Multidrug resistance is still an obstacle for chemotherapeutic treatments. One of the proteins involved in this phenomenon is the P-glycoprotein, P-gp, which is known to be responsible for the efflux of therapeutic substances from the cell cytoplasm. To date, the identification of a drug that can efficiently inhibit P-gp activity remains a challenge, nevertheless some studies have identified natural compounds suitable for that purpose. Amongst them, curcumin has shown an inhibitory effect on the protein in in vitro studies using Caco-2 cells. To understand if flow can modulate the influence of curcumin on the protein’s activity, we studied the uptake of a P-gp substrate under static and dynamic conditions. Caco-2 cells were cultured in bioreactors and in Transwells and the basolateral transport of rhodamine-123 was assessed in the two systems as a function of the P-gp activity. Experiments were performed with and without pre-treatment of the cells with an extract of curcumin or an arylmethyloxy-phenyl derivative to evaluate the inhibitory effect of the natural substance with respect to a synthetic compound. The results indicated that the P-gp activity of the cells cultured in the bioreactors was intrinsically lower, and that the effect of both natural and synthetic inhibitors was up modulated by the presence of flow. Our study underlies the fact that the use of more sophisticated and physiologically relevant in vitro models can bring new insights on the therapeutic effects of natural substances such as curcumin. Full article
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Review

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Review
Innovative Human Three-Dimensional Tissue-Engineered Models as an Alternative to Animal Testing
Bioengineering 2020, 7(3), 115; https://doi.org/10.3390/bioengineering7030115 - 17 Sep 2020
Cited by 10 | Viewed by 3377
Abstract
Animal testing has long been used in science to study complex biological phenomena that cannot be investigated using two-dimensional cell cultures in plastic dishes. With time, it appeared that more differences could exist between animal models and even more when translated to human [...] Read more.
Animal testing has long been used in science to study complex biological phenomena that cannot be investigated using two-dimensional cell cultures in plastic dishes. With time, it appeared that more differences could exist between animal models and even more when translated to human patients. Innovative models became essential to develop more accurate knowledge. Tissue engineering provides some of those models, but it mostly relies on the use of prefabricated scaffolds on which cells are seeded. The self-assembly protocol has recently produced organ-specific human-derived three-dimensional models without the need for exogenous material. This strategy will help to achieve the 3R principles. Full article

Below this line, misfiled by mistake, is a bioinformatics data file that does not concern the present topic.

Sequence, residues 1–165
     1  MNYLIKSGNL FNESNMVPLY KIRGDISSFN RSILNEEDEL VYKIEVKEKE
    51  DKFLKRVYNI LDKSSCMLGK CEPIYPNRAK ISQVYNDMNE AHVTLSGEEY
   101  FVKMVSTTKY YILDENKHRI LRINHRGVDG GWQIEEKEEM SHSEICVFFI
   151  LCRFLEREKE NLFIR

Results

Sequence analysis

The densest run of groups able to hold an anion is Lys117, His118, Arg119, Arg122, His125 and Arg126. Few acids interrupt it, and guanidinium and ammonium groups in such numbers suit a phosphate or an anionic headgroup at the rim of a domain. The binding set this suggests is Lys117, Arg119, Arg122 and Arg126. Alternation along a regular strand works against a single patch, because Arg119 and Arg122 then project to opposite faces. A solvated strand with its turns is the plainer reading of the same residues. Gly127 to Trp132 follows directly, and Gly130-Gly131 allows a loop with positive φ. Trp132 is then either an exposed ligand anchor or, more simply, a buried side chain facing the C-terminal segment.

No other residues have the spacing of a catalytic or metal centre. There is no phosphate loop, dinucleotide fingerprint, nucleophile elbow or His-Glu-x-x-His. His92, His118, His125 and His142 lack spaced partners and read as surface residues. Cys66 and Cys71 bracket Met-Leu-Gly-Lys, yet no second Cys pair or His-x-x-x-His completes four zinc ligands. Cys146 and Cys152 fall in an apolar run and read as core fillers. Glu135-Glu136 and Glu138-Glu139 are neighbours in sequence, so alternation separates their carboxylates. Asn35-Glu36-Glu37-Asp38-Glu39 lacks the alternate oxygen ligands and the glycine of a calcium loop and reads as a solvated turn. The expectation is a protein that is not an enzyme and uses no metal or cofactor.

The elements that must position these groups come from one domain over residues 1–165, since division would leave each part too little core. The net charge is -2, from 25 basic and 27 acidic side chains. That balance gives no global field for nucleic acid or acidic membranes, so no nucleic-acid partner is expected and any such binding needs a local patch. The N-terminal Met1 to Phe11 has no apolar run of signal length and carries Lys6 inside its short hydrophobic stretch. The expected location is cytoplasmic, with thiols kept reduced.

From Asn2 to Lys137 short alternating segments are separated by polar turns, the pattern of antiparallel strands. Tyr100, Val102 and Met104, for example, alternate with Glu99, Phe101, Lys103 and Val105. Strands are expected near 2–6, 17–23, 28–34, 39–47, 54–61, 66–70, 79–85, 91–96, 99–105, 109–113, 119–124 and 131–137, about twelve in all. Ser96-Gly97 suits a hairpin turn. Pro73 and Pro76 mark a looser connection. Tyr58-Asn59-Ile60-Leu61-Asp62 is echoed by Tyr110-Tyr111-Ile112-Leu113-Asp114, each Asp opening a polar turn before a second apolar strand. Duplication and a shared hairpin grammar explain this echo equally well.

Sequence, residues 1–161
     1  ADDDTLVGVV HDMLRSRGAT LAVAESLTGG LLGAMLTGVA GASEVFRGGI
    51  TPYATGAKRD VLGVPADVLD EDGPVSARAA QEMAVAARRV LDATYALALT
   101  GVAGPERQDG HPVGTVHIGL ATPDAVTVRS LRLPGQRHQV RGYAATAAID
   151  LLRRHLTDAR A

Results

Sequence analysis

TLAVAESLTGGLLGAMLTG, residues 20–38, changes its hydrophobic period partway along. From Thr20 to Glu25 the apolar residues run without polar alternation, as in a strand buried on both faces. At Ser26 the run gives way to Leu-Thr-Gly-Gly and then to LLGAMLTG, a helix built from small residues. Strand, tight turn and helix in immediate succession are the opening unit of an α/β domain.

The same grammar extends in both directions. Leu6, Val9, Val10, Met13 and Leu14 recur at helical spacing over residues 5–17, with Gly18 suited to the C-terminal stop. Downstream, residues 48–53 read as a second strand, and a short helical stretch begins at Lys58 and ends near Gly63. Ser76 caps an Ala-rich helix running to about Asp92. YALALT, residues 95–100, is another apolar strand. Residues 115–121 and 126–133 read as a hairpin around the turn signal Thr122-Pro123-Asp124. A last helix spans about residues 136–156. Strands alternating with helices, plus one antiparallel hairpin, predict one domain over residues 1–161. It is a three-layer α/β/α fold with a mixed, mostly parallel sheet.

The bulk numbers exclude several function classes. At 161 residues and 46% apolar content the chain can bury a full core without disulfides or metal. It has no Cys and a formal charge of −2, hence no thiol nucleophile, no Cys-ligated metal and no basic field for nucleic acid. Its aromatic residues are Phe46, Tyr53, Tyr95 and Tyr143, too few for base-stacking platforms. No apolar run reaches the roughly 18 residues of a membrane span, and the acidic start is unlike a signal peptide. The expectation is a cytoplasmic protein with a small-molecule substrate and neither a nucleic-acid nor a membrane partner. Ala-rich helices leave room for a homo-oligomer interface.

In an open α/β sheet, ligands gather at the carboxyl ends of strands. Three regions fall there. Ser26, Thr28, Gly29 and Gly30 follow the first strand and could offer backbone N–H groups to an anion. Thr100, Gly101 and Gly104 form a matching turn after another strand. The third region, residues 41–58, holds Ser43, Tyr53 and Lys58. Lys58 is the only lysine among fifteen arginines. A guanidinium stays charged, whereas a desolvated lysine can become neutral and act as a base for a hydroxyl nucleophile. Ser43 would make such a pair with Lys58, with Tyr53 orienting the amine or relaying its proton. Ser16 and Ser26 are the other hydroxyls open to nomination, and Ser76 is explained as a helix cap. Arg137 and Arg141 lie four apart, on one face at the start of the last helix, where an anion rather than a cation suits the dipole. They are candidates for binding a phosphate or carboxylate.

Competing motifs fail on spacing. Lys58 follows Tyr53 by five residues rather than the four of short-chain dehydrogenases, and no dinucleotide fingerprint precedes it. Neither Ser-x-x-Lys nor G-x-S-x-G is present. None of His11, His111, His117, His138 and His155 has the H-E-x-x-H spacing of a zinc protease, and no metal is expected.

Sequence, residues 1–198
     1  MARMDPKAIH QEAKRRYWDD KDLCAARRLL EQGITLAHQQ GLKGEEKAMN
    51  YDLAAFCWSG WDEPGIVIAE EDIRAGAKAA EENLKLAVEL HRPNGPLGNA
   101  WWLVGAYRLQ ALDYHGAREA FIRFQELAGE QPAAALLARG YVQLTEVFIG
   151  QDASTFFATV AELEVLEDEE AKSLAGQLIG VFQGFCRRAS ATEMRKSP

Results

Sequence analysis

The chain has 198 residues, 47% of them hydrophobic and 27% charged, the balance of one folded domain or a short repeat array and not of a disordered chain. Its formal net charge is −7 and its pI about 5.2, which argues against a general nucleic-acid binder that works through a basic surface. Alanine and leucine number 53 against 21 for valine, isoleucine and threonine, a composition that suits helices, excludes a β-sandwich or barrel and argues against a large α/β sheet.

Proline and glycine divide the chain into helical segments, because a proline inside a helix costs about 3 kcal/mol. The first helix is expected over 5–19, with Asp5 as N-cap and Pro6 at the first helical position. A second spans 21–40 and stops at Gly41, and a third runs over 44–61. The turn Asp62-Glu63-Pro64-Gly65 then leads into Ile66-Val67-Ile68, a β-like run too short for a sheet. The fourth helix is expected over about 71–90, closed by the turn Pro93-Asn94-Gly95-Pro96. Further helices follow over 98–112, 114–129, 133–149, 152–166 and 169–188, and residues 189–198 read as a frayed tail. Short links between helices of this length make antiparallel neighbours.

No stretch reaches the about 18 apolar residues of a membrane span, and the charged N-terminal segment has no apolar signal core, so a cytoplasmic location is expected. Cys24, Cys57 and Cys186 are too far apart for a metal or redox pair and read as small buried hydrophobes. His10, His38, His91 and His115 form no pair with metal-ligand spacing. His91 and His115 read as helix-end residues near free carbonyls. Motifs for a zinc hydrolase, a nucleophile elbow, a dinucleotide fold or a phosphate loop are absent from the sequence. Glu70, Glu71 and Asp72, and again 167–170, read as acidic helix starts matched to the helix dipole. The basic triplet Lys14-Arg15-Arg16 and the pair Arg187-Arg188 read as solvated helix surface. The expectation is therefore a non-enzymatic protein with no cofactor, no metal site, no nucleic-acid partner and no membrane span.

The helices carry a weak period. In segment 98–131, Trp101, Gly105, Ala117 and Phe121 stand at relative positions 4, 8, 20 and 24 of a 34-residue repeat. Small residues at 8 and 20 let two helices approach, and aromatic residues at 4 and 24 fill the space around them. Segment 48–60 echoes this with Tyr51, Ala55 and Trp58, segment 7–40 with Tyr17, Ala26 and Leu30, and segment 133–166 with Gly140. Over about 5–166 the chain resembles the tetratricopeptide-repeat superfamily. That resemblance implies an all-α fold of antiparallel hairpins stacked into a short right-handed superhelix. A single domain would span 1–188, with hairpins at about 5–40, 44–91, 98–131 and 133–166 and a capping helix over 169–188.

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Review
Computational Biomechanics: In-Silico Tools for the Investigation of Surgical Procedures and Devices
Bioengineering 2020, 7(2), 48; https://doi.org/10.3390/bioengineering7020048 - 30 May 2020
Cited by 4 | Viewed by 2517
Abstract
Biomechanical investigations of surgical procedures and devices are usually developed by means of human or animal models. The exploitation of computational methods and tools can reduce, refine, and replace (3R) the animal experimentations for scientific purposes and for pre-clinical research. The computational model [...] Read more.
Biomechanical investigations of surgical procedures and devices are usually developed by means of human or animal models. The exploitation of computational methods and tools can reduce, refine, and replace (3R) the animal experimentations for scientific purposes and for pre-clinical research. The computational model of a biological structure characterizes both its geometrical conformation and the mechanical behavior of its building tissues. Model development requires coupled experimental and computational activities. Medical images and anthropometric information provide the geometrical definition of the computational model. Histological investigations and mechanical tests on tissue samples allow for characterizing biological tissues’ mechanical response by means of constitutive models. The assessment of computational model reliability requires comparing model results and data from further experimentations. Computational methods allow for the in-silico analysis of surgical procedures and devices’ functionality considering many different influencing variables, the experimental investigation of which should be extremely expensive and time consuming. Furthermore, computational methods provide information that experimental methods barely supply, as the strain and the stress fields that regulate important mechano-biological phenomena. In this work, general notes about the development of biomechanical tools are proposed, together with specific applications to different fields, as dental implantology and bariatric surgery. Full article